Another driver is the growing emphasis on the carbon footprint of commercial buildings, and a greater understanding of how climate change will affect the operation of shops and offices. The RICS report, Non-domestic real estate climate change model (2011), quantifies the impacts of climate change on the operating costs and carbon emissions of buildings.

Their conclusions are that while rising temperatures in the UK might reduce the need for heating in commercial buildings, properties with a high cooling demand and air conditioning will face rising costs. And those buildings with lower heating demands at the moment will face this transition from savings to increased costs sooner. Controlling the need for cooling with techniques such as demand controlled ventilation will become increasingly common in the future.

The requirement to understand performance at a portfolio- and single building-level has seen a proliferation of energy efficiency and benchmarking schemes aimed at property owners and managers.  Benchmarking allows portfolio managers to view how they are performing against competitors in the sector, and to demonstrate success to their shareholders.

The benchmarking schemes require regular and accurate collection of building energy performance data, most effectively achieved through the BEMS. For example,  the London Better Buildings Partnership (LBBP) is a collaboration of London commercial property owners and related organisations.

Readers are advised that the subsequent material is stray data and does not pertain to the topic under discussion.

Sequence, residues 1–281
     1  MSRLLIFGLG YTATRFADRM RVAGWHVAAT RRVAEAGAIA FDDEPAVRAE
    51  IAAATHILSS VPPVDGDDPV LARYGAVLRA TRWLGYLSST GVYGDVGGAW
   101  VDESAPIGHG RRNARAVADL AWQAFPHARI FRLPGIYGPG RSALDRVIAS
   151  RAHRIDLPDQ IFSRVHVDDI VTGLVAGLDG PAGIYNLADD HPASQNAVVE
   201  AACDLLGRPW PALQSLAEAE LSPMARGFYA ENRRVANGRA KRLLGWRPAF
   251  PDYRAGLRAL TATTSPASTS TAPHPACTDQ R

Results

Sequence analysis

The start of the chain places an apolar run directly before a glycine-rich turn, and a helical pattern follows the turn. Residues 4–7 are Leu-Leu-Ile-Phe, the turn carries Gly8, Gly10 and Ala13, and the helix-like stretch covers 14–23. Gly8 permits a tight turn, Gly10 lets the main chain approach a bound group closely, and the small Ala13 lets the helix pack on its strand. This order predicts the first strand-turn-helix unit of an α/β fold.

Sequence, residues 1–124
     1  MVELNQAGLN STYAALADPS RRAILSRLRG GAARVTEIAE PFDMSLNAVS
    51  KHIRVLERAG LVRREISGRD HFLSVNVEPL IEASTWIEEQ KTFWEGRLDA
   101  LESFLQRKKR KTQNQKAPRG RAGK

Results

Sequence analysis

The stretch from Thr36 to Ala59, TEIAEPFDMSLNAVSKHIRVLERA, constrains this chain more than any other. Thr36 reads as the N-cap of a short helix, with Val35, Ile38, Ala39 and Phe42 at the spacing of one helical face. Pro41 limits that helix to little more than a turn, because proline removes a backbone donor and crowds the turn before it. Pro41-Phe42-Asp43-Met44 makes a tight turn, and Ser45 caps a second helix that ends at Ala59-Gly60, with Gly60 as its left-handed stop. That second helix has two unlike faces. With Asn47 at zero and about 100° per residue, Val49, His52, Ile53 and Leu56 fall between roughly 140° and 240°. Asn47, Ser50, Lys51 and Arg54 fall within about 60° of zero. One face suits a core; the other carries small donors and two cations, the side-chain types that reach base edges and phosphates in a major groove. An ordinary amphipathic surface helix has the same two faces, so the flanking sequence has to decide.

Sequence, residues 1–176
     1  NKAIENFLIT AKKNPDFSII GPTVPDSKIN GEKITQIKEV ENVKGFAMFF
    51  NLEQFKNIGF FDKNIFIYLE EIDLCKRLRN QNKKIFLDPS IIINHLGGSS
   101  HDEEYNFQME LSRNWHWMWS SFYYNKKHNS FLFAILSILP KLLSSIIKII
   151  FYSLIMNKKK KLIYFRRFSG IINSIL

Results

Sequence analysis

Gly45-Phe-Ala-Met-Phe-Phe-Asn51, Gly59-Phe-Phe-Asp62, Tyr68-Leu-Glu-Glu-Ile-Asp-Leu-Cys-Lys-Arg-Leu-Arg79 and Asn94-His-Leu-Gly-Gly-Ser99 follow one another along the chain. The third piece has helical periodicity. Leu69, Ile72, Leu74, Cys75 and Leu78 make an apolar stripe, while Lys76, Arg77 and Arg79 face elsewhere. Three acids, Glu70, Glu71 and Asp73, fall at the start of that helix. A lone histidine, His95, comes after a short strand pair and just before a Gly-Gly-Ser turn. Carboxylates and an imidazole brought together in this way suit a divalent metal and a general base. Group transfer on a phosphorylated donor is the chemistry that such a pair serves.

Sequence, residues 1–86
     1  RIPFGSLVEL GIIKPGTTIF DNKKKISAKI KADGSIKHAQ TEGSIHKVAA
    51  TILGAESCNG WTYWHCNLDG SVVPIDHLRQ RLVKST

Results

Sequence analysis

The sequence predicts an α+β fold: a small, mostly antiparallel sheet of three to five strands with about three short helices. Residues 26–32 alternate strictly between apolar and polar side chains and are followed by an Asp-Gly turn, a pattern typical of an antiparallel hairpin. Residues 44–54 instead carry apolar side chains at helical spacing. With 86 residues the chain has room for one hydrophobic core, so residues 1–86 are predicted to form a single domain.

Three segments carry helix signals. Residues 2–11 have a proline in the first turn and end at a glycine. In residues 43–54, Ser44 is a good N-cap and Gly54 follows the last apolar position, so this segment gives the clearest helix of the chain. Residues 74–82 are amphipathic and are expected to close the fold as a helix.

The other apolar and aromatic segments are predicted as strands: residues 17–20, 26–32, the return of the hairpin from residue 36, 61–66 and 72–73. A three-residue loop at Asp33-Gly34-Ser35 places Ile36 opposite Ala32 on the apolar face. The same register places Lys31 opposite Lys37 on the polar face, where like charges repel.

The LBBP acknowledges that accurate measurement and monitoring of how much energy a building uses is crucial, stating: “One of the biggest barriers to improving the energy efficiency of commercial buildings is a lack of performance data. Both owners and occupiers are often unaware of how well or badly their building is performing…”

When thinking about a BEMS, it should be viewed not simply as a mechanism to control the heating, ventilation, air conditioning and lighting, although it will do all these. It is important to consider the information that might be required from the BEMS at the early stages of specification.

Data for its own sake can lead to overload, so it is important to focus on what is important. For example, it is possible to track minute-by-minute energy use, but it is important to ask if that level of detail is what is required. The BEMS can also help to analyse the success of investment in energy saving technologies with a before-and-after analysis.

At BRE’s 40% Symposium in 2011, PRUPIM’s director of sustainability Nina Jackson, made the very fundamental point that: “We can’t manage what we can’t measure.”

When the giants of property management have seen the importance of good building performance data, it is a lesson that all building managers should take to heart. The BEMS is a business tool that provides hard data on building performance and helps to manage, monitor and improve it in the future.

Ian Ellis is President of the Building Controls Industry Association (BCIA)
The BCIA National Conference May 10th will examine how to use BEMS and controls for more efficient, sustainable and profitable buildings.